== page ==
Following the allegations of inappropriate sexual behaviour against the Liberal Democrats’ former chief executive Lord Rennard, some dangerous advice has been going the rounds. Basically women are told: if your chief executive touches you and you don’t like it – just slap him. Or throw drink in his face. Or give him a Chinese burn. This is the advice from Sarah Vine, Daily Mail columnist – and it is wrong. Slapping a chief executive is both a criminal and a sacking offence.
Now we must be careful. Lord Rennard has insisted no inappropriate conduct has taken place on his part. So for illustrative purposes we are going to assume that at some time, somewhere some chief executive or another has inappropriately touched a woman’s knee, rubbed another woman’s leg or put his hands down another couple of women’s backs “and places where they had absolutely no business being”. We shall call our fictional chief executive “the Old Goat”.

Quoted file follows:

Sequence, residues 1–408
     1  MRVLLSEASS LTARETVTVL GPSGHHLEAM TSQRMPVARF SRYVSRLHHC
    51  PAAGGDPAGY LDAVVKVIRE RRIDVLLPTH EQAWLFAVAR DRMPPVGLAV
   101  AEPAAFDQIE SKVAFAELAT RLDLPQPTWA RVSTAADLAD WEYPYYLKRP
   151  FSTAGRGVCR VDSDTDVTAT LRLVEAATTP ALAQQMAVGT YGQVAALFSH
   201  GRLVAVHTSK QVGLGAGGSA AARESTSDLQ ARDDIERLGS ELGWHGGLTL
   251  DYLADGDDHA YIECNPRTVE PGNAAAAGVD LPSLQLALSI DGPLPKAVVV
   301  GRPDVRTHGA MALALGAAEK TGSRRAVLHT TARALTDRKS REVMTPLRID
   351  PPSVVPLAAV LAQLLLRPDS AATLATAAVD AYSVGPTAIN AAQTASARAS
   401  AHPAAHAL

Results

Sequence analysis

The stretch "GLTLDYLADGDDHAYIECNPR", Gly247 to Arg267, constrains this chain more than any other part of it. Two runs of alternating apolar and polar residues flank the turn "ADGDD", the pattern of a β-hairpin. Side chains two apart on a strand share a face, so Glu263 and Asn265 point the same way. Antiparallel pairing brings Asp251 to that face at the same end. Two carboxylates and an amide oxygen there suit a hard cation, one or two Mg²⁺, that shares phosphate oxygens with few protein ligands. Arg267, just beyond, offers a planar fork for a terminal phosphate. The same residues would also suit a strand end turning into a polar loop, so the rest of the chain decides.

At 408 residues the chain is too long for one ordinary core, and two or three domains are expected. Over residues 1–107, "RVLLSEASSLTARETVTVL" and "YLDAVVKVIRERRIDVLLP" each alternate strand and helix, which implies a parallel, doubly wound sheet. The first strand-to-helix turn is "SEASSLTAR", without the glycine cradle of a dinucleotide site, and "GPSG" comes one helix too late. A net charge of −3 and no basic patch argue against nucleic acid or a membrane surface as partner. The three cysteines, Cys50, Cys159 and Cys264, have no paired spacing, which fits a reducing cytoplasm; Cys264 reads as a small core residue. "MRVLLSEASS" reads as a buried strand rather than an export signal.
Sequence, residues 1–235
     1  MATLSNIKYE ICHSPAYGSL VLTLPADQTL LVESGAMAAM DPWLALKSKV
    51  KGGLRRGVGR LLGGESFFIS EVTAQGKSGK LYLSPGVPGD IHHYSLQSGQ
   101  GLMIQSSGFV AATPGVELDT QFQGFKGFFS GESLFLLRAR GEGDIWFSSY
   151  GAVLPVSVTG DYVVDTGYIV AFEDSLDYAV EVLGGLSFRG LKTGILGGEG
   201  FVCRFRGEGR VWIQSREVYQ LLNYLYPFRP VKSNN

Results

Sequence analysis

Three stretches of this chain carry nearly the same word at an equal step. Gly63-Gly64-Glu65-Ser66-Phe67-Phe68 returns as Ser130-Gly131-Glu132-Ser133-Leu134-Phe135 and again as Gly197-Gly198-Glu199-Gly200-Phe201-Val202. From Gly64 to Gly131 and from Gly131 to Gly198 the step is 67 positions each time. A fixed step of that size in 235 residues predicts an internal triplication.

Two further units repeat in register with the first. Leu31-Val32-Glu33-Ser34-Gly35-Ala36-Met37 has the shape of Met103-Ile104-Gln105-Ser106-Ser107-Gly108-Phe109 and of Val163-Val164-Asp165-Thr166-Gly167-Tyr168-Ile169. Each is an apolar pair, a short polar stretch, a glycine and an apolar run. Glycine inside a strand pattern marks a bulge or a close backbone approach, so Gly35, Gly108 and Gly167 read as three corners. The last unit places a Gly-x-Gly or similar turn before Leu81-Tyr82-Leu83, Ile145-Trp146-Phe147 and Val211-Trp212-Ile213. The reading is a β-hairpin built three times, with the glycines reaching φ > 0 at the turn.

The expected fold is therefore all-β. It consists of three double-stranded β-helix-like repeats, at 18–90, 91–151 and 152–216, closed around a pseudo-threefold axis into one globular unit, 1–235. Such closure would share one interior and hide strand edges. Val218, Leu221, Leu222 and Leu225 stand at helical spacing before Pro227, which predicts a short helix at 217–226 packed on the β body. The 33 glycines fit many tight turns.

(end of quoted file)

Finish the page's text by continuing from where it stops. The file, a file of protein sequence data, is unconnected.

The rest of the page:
The idea of slapping such a man seems to be based on a fanciful 1950s notion of morality. Our male lead (rather handsome with jutting jaw – so different from our own oleaginous, balding fifty-something fictional chief executive) gets a little fresh with our rather prim heroine. She delivers the slap; it knocks sense into him; he admires her feisty qualities; lust turns to love. There are flowers, a dinner date, a proposal of marriage.
None of those outcomes in reality is likely to occur – nor are they likely to be desired by the victim of our Old Goat’s attentions. The danger of resorting to violence is that it prompts only violence, and Sarah Vine is asking women who have been wronged in this way (touching people without consent and a sexual motive is a sexual assault: see Section 3 of the Sexual Offences Act 2003) to expose themselves to increased violence.